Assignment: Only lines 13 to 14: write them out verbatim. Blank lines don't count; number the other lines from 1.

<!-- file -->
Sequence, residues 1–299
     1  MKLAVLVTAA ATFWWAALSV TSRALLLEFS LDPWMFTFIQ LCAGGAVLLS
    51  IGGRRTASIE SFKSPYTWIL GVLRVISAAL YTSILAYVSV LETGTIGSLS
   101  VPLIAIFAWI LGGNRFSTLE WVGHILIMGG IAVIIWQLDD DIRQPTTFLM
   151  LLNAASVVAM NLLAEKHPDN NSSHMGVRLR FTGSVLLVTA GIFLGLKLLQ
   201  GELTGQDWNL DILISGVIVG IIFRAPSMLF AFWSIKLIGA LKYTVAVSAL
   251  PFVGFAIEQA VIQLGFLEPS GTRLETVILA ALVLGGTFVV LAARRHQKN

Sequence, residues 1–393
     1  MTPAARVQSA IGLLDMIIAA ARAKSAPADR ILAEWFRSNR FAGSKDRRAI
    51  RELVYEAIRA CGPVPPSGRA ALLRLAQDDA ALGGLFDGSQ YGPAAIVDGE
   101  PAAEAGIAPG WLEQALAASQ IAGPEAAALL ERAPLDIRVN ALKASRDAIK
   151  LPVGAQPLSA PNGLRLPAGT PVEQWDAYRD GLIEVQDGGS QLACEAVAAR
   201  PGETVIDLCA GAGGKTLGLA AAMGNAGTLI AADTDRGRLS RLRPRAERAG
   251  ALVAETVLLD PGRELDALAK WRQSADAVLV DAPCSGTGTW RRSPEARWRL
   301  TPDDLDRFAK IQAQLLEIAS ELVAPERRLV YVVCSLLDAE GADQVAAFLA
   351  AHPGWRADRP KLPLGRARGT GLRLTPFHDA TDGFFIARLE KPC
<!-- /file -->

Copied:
   201  PGETVIDLCA GAGGKTLGLA AAMGNAGTLI AADTDRGRLS RLRPRAERAG
   251  ALVAETVLLD PGRELDALAK WRQSADAVLV DAPCSGTGTW RRSPEARWRL